AAFCPAs Helps Clients Prepare a 360 Degree Action Plan for Business Continuity
On March 11, the World Health Organization (WHO) declared the novel Coronavirus an official global pandemic. Businesses across the globe experienced interruptions, shortages, and other unexpected challenges that impacted multiple aspects of their organizations. Many continue to struggle to adapt.
Some industries, like hospitality, are dealing with acute slowdowns in their operations and revenue. Others, like manufacturers of personal protective equipment (PPE) and disinfectants, are challenged with accelerating to meet demand.
For many organizations, near-term survival is the only agenda item. However, those that remain future-focused and make the most of better insight and foresight will disproportionally succeed.
Business Continuity Management (BCM): Is your business prepared?
BCM is a holistic management process that identifies potential threats to an organization and the impacts to business operations those threats, if realized, might cause. Additionally, BCM provides a framework for building organizational resilience with the capability of an effective response that safeguards the interests of its key stakeholders, reputation, brand and value-creating activities.
BCM is proactive, and integrates the disciplines of Emergency Response, Crisis Management, Disaster Recovery (technology continuity) and Business Continuity (organizational/operational relocation).
Where do I start?
Assemble Your Business Continuity Team
Start by identifying a program sponsor who will maintain accountability for your BCM program. This person must have authority and a comprehensive understanding of your organization’s strategy, processes, programs, services, and/or products. In cases of emergency, there is no time for laissez-faire leadership. Your program sponsor should have knowledge and authority to make quick and effective decisions. Sponsors are generally from operations, risk management, finance, or even IT.
Appoint a Business Continuity Steering Committee comprised of cross-functional team members to assist in providing input on resource dependencies, recovery objectives, and strategy options.
And finally, engage someone with experience in BCM. An AAFCPAs BCM consultant adds critical value by providing objective insight and hands-on experience developing Business Continuity Plans (BCPs). We assist with facilitating productive dialogue with cross-functional teams, identifying and analyzing risks and their potential impact on business, focusing on the details that matter, and delivering critical training so team members are well-prepared in case of crisis.
Perform a Risk Assessment & Business Impact Analysis
Risk assessment & business impact analysis is the process of analyzing all aspects of your operations and identifying and documenting resource dependencies and threats to the business that could cause potential disruptions.
The process of assessing risk is a methodical examination of two aspects: likelihood and impact. Clients are advised to evaluate a wide range of causes and effects, including global pandemics, system failures, accidents, natural disasters, human-caused catastrophes, legal costs, financial setbacks, operational freezes, etc.
Business impact analyses are also important for balancing your liabilities and your insurance costs. Among affected plans are Business Interruption Insurance and Supply Chain Insurance which, along with your business continuity plan, will minimize losses from disasters. While insurance plays a role in the risk mitigation strategy, they are the last point in the mitigation continuum because they only compensate for damage.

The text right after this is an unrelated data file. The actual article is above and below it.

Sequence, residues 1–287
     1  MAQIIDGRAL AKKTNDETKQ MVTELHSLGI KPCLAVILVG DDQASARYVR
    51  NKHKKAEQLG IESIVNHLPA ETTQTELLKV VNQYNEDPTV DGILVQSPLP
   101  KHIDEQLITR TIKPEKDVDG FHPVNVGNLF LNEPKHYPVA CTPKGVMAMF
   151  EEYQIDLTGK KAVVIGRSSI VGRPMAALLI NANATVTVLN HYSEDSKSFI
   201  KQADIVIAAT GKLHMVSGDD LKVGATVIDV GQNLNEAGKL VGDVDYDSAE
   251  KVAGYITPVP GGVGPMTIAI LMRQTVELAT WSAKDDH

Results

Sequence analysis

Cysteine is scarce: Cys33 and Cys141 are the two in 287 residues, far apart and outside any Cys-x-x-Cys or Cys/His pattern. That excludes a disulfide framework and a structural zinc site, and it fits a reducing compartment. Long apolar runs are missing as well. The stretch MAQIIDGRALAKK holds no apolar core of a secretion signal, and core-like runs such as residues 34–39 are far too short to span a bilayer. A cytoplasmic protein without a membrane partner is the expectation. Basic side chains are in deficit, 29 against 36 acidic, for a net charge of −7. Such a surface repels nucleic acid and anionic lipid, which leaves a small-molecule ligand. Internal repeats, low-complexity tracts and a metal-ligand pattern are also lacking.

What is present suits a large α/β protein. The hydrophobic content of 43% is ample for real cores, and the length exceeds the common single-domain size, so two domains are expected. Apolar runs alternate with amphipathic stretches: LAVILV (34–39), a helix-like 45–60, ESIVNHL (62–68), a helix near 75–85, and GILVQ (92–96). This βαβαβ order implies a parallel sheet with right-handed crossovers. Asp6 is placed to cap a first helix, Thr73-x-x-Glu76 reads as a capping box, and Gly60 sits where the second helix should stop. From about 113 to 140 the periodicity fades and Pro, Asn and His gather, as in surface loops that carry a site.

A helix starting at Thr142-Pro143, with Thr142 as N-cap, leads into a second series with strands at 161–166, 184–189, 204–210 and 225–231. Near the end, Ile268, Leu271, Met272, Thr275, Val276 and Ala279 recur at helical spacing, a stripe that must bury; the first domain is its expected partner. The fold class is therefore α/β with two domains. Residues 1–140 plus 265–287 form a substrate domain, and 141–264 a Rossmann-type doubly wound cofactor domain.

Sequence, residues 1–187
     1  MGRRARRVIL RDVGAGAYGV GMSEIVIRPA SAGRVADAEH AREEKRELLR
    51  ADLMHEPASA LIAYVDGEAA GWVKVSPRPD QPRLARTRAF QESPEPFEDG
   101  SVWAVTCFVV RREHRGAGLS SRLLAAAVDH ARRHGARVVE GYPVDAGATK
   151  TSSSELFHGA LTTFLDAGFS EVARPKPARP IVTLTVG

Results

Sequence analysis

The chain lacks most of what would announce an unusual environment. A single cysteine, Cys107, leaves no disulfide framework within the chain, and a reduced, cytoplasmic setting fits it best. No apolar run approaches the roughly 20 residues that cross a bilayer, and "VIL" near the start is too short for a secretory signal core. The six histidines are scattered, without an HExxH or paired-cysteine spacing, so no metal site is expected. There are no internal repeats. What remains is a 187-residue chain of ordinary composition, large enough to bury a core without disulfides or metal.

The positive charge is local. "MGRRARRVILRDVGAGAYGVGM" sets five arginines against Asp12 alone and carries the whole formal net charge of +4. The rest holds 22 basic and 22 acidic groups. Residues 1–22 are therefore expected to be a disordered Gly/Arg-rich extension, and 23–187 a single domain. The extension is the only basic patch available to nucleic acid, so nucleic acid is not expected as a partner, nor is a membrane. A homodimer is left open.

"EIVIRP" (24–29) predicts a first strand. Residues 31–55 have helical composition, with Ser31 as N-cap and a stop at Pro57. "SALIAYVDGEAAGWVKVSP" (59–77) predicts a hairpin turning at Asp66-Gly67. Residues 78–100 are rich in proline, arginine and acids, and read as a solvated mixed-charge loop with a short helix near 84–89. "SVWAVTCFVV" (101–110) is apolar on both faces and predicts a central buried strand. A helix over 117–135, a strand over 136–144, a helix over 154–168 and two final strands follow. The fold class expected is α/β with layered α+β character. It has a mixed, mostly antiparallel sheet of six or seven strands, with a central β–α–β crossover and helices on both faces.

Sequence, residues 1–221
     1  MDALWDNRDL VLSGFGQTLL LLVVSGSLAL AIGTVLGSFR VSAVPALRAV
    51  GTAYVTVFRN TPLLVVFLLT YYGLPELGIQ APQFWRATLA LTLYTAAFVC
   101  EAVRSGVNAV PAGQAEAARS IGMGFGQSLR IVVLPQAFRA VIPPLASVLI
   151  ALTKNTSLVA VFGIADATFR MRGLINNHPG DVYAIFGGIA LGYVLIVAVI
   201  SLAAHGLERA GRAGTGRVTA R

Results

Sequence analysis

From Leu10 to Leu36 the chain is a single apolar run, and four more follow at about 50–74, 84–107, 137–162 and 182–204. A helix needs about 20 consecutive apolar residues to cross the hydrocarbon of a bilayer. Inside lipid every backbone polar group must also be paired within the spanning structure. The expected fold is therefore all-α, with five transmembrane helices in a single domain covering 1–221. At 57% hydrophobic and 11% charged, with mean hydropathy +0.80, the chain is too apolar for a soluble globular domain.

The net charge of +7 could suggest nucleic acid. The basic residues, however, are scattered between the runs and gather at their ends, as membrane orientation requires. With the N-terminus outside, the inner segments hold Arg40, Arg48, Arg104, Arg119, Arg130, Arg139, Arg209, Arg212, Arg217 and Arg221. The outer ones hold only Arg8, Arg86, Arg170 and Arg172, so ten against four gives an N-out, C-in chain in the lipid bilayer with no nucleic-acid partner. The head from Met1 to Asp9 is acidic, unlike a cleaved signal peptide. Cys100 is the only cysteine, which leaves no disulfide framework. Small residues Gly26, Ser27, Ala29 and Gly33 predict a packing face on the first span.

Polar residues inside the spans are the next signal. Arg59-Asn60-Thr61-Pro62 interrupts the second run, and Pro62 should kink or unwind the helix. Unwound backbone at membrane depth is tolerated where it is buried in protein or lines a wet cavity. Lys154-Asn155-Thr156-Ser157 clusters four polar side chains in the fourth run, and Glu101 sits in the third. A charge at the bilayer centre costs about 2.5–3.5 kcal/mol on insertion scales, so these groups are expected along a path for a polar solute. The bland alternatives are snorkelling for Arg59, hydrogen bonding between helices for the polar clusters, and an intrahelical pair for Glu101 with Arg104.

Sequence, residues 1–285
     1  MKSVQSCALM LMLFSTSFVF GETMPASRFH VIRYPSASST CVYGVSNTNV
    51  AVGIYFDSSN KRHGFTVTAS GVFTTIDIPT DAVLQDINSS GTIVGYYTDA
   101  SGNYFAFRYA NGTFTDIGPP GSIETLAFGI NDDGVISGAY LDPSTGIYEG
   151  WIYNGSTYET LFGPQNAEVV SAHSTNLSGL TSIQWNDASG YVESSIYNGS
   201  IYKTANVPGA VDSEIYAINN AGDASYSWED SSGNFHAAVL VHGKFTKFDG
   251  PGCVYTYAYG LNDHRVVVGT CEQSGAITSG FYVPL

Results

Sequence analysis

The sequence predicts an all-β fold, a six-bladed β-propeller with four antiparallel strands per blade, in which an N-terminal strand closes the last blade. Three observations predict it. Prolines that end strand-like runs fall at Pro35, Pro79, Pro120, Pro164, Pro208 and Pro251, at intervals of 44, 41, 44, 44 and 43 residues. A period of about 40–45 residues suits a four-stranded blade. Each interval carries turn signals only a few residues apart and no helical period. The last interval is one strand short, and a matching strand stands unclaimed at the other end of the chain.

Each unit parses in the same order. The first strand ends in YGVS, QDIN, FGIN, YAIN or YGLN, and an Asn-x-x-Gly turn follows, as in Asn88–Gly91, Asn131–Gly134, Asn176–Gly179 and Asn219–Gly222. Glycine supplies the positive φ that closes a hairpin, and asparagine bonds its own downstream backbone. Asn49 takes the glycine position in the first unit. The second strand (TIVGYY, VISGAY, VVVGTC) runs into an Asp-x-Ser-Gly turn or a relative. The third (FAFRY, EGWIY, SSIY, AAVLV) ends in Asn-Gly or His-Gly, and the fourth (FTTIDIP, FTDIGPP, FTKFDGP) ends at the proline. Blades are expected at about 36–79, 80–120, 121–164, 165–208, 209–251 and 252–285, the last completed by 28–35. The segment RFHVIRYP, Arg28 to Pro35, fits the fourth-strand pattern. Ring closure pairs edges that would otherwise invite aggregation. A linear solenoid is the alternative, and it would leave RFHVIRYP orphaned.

Once threats are identified, the BCM team can compute the financial and logistical costs of undesirable events and assign probabilities to various scenarios. With this information, your BCM team can design and implement risk-management strategies, which prioritize the most significant risks, and devote resources where most needed.
Depending on the event and response, it may be possible that losses can be mitigated entirely. An example would be discovering the need to move critical business processes to the cloud, so your team doesn’t skip a beat when forced to quarantine and perform their jobs remotely.
Keep the Plan Alive
Once you have “completed” your Business Continuity Plan, make sure it is quickly accessible to all employees and stakeholders. Review your contingency plans annually and update them as needed. And seek a fresh look periodically to ensure you have diverse points of views on threats and safeguards.
Keeping the plan alive should also involve testing of the plan. The plan does not need to be tested in its entirety at one time but can be tested in pieces as long as the Business Continuity Team understands the impact of one element of the plan on other elements of the plan. A well tested plan can help ensure you are well prepared to avert a disaster. For example, an AAFCPAs client tested with one third of their call center staff working remote before the pandemic. It was much easier for them to scale the other two thirds to a remote status because they already had the knowledge and tools for scaling up.
How can we plan for all possible contingencies?
While it may not be possible to plan for all possible threats, the process of establishing a Business Continuity Team and ongoing commitment to a risk management strategy will ensure you are well prepared for any hurdles your internal or external environment may provide.
Cross-functional and diverse teams, as well as teams which include input from objective AAFCPAs BCM specialists, will help ensure you have considered as many threats and appropriate safeguards as possible. In addition, should you face an unplanned threat, this team will be well-prepared to mobilize quickly and hit the ground running to make critical decisions that will minimize impact.